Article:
The Trouper

How to win over critics and lose money, sleep, and ambition: A life in local theater


The Twin Cities are proud of their theatergoing audience. There is the oft-cited claim that Minneapolis and St. Paul are second only to Manhattan in the number of theater companies and in per-capita ticket sales, a factoid partly documented in a rosy overview of the local scene in the Star Tribune this February. That list begins, as it inevitably must, with the Guthrie Theater; it just doesn't get bigger than this, the largest regional theater in the nation. The Guthrie's recent production of Who's Afraid of Virginia Woolf played to 96 percent capacity in the theater's 1,441-seat auditorium, finding an audience of 54,565 people over a five-week run.

Jealous comments about the Guthrie sometimes seem de rigueur in the local theater community, and no wonder. When the cast of the Pillsbury House Theatre's marvelous production of Angels in America, Part Two: Perestroika looked out during a recent show and saw six people staring back at them--two fewer than were onstage--they must have wondered what has become of this vaunted community of theatergoers.

Playwright, director, dramaturg, actor...and waiter, Matt Sciple
Geoffrey P. Kroll
Playwright, director, dramaturg, actor...and waiter, Matt Sciple

Certainly, they are at the Guthrie. Pass by the Orpheum and State theaters in downtown Minneapolis on a Friday evening and you'll see them again, stepping off tour buses, clutching their fur coats. There they are at the Hey City Theater as well: Smokey Joe's Café raked in a reported $500,000 in advance sales. Advance sales.

True, there are other local companies with permanent spaces and healthy budgets: Theatre de la Jeune Lune, Penumbra, Mixed Blood, the Jungle. But with these theaters the full-time staff is small, grant-reliant finances are usually tight, and a single flop can send an entire season into a tailspin. A six-member audience can put a deathly pallor over a production, each empty seat representing money that was not made and, frequently, debts that cannot be paid.

But at least these theaters have venues. Other Twin Cities groups compete for the dozen available stages; performance space is simultaneously almost nonexistent and expensive. While companies such as Eye of the Storm and Hidden Theatre plan their entire seasons around single locations (the Theatre Garage and the Old Arizona Studio, respectively), they often must rehearse elsewhere. Eye of the Storm spent a week preparing its newest play, Two Sisters and a Piano, in a children's classroom in a church located in the Lyn-Lake neighborhood, because the Theatre Garage was then occupied by 3 Legged Race's Hand Driven production.

And what of companies that have no regular location? Theater Mu. Pangea World Theater. Outward Spiral. The artistically redoubtable Frank Theatre produces one play each year at the Southern Theater but otherwise must constantly shift locations. (Their most recent production was mounted at Old Arizona; their next will appear at the tiny theater in the Playwrights' Center.)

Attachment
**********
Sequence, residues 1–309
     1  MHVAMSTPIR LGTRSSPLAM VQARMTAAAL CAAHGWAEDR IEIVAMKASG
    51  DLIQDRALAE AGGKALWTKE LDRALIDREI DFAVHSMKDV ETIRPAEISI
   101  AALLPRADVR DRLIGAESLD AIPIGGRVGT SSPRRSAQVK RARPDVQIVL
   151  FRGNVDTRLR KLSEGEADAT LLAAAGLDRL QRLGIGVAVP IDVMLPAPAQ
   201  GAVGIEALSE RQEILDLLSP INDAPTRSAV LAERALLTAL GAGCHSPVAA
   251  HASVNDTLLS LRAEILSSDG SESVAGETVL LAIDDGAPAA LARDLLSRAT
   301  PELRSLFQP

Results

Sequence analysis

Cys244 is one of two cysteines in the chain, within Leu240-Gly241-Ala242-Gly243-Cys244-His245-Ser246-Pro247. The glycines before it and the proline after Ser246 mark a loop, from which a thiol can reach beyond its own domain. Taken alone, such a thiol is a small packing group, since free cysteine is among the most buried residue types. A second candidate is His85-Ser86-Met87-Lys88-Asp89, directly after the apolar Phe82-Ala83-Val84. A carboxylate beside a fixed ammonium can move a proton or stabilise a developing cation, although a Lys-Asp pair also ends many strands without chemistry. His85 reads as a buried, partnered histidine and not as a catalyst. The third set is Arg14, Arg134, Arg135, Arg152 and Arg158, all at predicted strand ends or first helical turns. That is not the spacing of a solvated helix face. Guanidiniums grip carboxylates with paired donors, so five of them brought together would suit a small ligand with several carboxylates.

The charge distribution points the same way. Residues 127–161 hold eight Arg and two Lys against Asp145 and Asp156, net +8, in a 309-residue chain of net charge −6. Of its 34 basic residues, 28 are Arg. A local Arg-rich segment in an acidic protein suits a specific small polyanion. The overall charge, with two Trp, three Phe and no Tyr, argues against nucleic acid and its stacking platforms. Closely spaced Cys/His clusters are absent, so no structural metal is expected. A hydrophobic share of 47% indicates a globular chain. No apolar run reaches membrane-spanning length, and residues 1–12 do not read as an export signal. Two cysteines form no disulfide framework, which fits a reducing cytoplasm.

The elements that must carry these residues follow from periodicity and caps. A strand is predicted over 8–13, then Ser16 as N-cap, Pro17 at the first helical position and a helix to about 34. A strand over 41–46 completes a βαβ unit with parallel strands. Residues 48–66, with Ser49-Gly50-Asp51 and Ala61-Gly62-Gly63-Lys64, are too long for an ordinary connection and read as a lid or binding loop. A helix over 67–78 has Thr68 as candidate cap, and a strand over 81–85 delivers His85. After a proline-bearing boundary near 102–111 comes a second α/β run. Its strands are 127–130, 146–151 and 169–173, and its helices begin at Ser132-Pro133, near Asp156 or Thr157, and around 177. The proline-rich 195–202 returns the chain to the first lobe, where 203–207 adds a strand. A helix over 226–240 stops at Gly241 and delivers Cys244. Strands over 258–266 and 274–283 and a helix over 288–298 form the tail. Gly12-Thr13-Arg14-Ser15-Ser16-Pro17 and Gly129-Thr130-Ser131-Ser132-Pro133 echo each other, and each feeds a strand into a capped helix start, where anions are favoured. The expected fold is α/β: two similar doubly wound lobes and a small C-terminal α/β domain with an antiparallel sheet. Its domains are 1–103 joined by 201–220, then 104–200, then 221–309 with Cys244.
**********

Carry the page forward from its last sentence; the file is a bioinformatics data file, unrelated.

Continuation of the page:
Zach Curtis has booked the People's Center theater in advance for the next few years, even though it is a small performing space with a minimal lighting system and a shallow seating area that accommodates fewer than 100 people. Additionally, the theater is so obscure that audiences are often hard-pressed to locate it. Audiences of six or seven, far from being a worrisome anomaly, are common. But if Curtis doesn't book the space as far in advance as possible, it is snapped up by any of the dozens of upstart theater companies that are looking for an inexpensive performing venue.

"We're headed for some sort of crash," Frank Theatre artistic director Wendy Knox says. "I'm competing for space with theaters that are two or three years old." Many of these troupes are also competing for the same dwindling pot of grant money and the attention of the local media. Theatrical successes in the Twin Cities, despite this locale's reportedly active theatergoing population and favorable funding climate, are hard-won.

Midlevel actors and directors, such as Sciple and Curtis, have found that making the transition into earning a full-time living on local theater is virtually impossible. "I feel at 33 like I wish I was further along in whatever my career is going to become," Sciple admits wistfully. "But then, I've had a lot of fun."

Both Sciple and Curtis have worked in the Twin Cities theater scene for a decade, performing in dozens of plays, founding their own theater companies, writing original scripts (Sciple's most recent, The Great Americ'n Play, debuted at the People's Center a few months ago), and picking up freelance work as directors. In fact, it is common to see Sciple and Curtis taking tickets at the box office of each other's production.

"I agree with the Buddhist concept that we earn the work, but we don't earn the reward," Curtis says. "But, believe me, everything I have achieved, I have earned." Curtis worked as a temp until July of this past year, when he was hired as artistic director of the newly formed Director's Theater.

Sciple worked as the literary manager of the Park Square Theatre for five years, doubling the part-time job with long shifts as a waiter. A year ago he quit to devote himself to writing, directing, and acting. "I got close enough to the process to want more of it," Sciple says of his literary and dramaturgical work at the Park Square. "Sitting in rehearsals and biting my tongue was too hard."

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